Updated August 2018
Book value is also known as equity, shareholders’ funds, or net asset value (NAV). It is the value of all of a company’s assets, less all of its liabilities (debts).The number can easily be found on the balance sheet in a company’s annual report.
Book value is sometimes used as an estimate of what a company would be worth if all of its assets were sold for their balance-sheet values. It’s often used as a way to value companies such as banks, housebuilders, and insurers.
When you know the book value, you can get an idea of how cheap or expensive a share is by dividing the share price by the book value per share (hence the price/book, or p/b, value ratio). A p/b of below one means that – technically speaking – you are able to buy the company for less than its assets are worth on paper. In other words, if you could buy the whole company, you could sell everything it owned, and still make a profit.
One potential problem with this, of course, is that the book value of a company may not reflect what you would actually get were you to sell its assets. In particular, it may contain lots of “intangible assets”, such as goodwill (which often relates to the value of a “brand”), which – unlike a factory or a piece of land – can be very tricky to measure objectively.These intangibles may in fact not be worth very much at all – particularly not in a firesale.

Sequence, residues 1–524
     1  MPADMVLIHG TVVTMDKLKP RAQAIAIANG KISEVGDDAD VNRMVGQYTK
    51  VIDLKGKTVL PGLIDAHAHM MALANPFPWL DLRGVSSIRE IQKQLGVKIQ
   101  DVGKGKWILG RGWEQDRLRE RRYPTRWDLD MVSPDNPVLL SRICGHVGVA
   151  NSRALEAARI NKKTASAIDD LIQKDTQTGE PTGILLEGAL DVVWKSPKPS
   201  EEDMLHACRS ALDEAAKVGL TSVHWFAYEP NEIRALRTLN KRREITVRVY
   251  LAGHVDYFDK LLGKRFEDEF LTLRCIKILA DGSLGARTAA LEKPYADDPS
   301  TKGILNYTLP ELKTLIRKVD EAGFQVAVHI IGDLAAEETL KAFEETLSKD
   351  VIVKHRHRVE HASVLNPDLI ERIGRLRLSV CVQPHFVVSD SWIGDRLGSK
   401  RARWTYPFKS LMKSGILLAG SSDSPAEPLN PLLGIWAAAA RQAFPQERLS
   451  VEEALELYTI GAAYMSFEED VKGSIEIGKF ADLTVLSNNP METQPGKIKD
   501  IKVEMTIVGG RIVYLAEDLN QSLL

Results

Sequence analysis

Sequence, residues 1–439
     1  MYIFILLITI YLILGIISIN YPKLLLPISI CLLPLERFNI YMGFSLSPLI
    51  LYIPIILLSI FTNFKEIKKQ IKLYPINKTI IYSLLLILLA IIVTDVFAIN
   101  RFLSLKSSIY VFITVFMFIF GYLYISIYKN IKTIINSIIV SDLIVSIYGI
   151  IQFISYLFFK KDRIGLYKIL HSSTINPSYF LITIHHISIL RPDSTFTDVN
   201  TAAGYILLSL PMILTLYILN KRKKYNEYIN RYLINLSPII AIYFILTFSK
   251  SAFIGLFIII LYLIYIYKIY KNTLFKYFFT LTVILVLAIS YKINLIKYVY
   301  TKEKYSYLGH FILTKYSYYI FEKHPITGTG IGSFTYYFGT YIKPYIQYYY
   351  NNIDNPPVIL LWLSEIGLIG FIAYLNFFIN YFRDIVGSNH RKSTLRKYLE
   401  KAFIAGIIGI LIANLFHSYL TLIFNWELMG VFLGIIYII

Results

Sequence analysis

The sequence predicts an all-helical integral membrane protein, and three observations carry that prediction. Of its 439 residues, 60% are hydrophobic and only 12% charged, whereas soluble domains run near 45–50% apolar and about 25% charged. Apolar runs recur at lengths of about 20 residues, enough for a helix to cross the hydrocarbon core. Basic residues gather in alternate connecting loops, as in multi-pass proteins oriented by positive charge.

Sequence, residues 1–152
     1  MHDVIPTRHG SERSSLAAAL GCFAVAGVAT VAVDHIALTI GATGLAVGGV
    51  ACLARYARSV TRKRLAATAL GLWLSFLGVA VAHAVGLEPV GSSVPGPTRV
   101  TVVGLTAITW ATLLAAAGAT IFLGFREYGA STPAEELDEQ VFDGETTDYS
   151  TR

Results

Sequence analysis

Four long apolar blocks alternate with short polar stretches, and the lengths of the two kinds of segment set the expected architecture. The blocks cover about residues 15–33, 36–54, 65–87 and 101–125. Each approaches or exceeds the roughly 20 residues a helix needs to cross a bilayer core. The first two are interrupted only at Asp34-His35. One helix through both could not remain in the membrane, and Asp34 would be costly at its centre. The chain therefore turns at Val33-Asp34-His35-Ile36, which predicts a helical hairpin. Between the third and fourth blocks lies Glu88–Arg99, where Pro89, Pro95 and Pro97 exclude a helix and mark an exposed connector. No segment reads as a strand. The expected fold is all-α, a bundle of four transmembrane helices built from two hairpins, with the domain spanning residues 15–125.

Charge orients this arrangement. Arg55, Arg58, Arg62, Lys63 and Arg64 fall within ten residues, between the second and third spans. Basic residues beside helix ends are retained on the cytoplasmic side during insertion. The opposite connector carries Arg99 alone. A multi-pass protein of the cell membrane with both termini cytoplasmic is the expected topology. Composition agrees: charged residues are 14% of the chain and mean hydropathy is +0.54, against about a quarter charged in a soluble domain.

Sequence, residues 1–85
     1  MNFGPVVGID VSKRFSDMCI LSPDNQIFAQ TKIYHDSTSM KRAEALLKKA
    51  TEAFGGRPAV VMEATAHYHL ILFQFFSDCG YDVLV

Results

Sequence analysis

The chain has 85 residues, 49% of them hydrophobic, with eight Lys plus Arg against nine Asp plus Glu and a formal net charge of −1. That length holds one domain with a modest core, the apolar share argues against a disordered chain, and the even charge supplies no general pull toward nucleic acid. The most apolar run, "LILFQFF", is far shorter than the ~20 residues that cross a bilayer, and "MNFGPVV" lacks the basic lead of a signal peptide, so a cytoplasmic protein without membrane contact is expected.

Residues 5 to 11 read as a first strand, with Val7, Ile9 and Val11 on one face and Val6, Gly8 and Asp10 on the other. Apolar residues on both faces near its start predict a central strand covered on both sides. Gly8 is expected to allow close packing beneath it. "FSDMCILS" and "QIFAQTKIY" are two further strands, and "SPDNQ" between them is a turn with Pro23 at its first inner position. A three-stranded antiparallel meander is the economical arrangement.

So just as with the price/ earnings ratio, an unusually low p/b number could indicate a company in trouble, rather than a potential bargain. By subtracting the intangible assets from a company’s book value, you end up with a more conservative number, known as “tangible” book value, based on hard assets, such as land, buildings, machinery, stocks and cash.You can then divide this figure by the number of shares to get tangible book value per share. If you can buy a stock for a lot less than this figure (a relatively rare event), you may be getting a genuine bargain.
• See Tim Bennett’s video tutorial on the price to book ratio: Beginner’s guide to investing: the price-to-book ratio